These languages are distinguished from European tongues by several marked peculiarities: they are all, except the Ethiopic, written from right to left, and their books begin at what we should call the end; the alphabet, with the exception of the Ethiopic which is syllabic, consists of consonants only, above or below which the vowel-points are written; they have several guttural consonants very difficult of pronunciation to Europeans; the roots of the language are, in general, verbs of three letters, and pronounced, according to the various dialects, with one or more vowels; the verbs have but two tenses, the past and the future; and the pronouns in the oblique cases are generally untied in the same word with the noun or verb to which they have a relation. These various dialects form substantially one language, of which the original home was Western Asia. That they have all diverged from one parent stock is manifest, but to determine which of them has undergone the fewest changes would be a difficult question. The language of Noah and his son Shem was substantially that of Adam and all the antediluvians. Shem and Heber were contemporary with Abraham, and transmitted, as we have good reason to believe, their common tongue to the race of Israel; for it is not to be assumed that at the confusion of Babel no branch of the human family retained the primitive language. It does not appear that the descendants of Shem were among the builders of Babel, Genesis 10:8-10 .

The oldest records that are known to exist are composed in the Hebrew language. It flourished in its purest form in Palestine, among the Phoenicians and Hebrews, until the period of the Babylonish exile; soon after which it declined, and finally was succeeded by a kind of Hebraeo-Aramaean dialect, such as was spoken in the time of our Savior among the Jews. The West Aramaean had flourished before this for a long time in the east and north of Palestine; but it now advanced farther west, and during the period that the Christian churches of Syria flourished, it was widely extended. It is at present almost a dead language, and has been so for several centuries. The Hebrew may be regarded as having been a dead language, except among a small circle of literati, for about the space of two thousand years. Our knowledge of Arabic literature extends back very little beyond the time of Mohammed. But the followers of this pretended prophet have spread the dialect of the Koran over vast portions of the world. Arabic is now the vernacular language of Arabia, Syria, Egypt, and in a great measure of Palestine and all the northern coast of Africa; while it is read and understood wherever the Koran has gone, in Turkey, Persia, India, and Tartary.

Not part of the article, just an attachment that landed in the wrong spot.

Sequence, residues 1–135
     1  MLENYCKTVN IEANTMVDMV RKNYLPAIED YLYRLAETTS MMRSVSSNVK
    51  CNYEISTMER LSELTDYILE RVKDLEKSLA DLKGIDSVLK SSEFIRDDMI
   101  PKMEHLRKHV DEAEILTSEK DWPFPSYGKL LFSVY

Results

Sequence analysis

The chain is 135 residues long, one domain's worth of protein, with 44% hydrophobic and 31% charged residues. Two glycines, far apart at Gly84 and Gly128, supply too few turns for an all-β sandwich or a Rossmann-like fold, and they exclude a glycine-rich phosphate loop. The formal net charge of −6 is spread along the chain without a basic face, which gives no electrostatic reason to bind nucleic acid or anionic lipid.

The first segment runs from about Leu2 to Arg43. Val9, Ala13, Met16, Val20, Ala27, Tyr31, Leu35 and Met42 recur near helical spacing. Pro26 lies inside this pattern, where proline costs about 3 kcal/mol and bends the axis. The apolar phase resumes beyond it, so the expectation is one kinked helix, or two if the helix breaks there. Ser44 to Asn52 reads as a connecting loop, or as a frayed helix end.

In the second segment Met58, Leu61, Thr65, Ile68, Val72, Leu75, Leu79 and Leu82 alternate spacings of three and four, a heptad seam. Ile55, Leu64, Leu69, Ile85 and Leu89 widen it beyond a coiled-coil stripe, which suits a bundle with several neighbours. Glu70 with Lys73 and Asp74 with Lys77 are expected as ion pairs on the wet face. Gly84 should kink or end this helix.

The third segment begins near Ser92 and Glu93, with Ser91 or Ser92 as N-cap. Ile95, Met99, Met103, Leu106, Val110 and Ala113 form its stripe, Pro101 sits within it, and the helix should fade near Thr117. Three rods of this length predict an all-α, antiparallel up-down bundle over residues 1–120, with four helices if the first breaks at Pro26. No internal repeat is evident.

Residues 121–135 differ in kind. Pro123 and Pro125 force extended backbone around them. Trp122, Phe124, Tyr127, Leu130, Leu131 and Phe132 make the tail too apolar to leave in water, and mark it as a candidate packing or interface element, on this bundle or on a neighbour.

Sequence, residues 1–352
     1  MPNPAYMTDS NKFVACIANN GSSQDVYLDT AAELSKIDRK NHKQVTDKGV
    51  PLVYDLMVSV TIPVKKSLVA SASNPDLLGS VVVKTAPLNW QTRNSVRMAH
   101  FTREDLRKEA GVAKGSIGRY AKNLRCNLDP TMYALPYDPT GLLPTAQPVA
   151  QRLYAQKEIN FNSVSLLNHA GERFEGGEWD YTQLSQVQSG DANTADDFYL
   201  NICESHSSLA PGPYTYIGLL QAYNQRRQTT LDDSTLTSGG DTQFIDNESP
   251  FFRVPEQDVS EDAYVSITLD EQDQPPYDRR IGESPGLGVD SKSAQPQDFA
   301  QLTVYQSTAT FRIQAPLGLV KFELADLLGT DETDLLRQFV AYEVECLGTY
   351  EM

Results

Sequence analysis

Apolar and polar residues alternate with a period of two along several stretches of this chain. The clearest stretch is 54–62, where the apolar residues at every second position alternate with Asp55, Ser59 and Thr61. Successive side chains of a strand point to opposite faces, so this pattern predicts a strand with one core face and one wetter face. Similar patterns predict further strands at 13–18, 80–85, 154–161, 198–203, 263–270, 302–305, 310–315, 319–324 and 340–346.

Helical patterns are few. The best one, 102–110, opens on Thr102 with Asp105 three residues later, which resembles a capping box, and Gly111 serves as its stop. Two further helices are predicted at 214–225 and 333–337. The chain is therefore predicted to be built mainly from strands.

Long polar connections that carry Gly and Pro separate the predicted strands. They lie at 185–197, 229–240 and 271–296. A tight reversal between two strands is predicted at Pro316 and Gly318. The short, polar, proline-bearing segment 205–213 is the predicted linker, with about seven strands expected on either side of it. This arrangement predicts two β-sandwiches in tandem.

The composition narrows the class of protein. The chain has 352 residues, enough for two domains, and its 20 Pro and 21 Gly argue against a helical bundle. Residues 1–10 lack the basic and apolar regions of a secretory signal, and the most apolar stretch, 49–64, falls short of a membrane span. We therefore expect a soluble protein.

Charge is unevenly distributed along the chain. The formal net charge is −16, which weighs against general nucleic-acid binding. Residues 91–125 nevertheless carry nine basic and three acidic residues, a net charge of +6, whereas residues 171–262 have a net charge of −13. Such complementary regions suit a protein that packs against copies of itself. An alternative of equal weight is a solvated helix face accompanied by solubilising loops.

The remains of the ancient Hebrew tongue are contained in the Old Testament and in the few Phoenician and Punic words and inscriptions that have been here and there discovered. The remains of the Aramaean are extant in a variety of books. In Chaldee, we have a part of the books of Daniel and Ezra, Daniel 2:4-7:28 Ezra 4:8-6:18 7:12-26 , which are the most ancient of any specimens of this dialect. The Targum of Onkelos, that is, the translation of the Pentateuch into Chaldee, affords the next and purest specimen of that language. The oldest specimen of this language that we have is contained in the Peshito, or Syriac version of the Old and New Testament, made perhaps within a century after the time of Christ. A multitude of writers in this dialect have flourished, many of whose writings are probably still extant, although but few have been printed in Europe. In Arabic, there exists a great variety of manuscripts and books, historical, scientific, and literary. A familiar knowledge of this and its kindred dialects throws much valuable light on the Old Testament Scriptures.

Copyright Statement
These files are public domain and are a derivative of the topics are from American Tract Society Bible Dictionary published in 1859.

Bibliography Information
Rand, W. W. Entry for 'Language'. American Tract Society Bible Dictionary. 1859.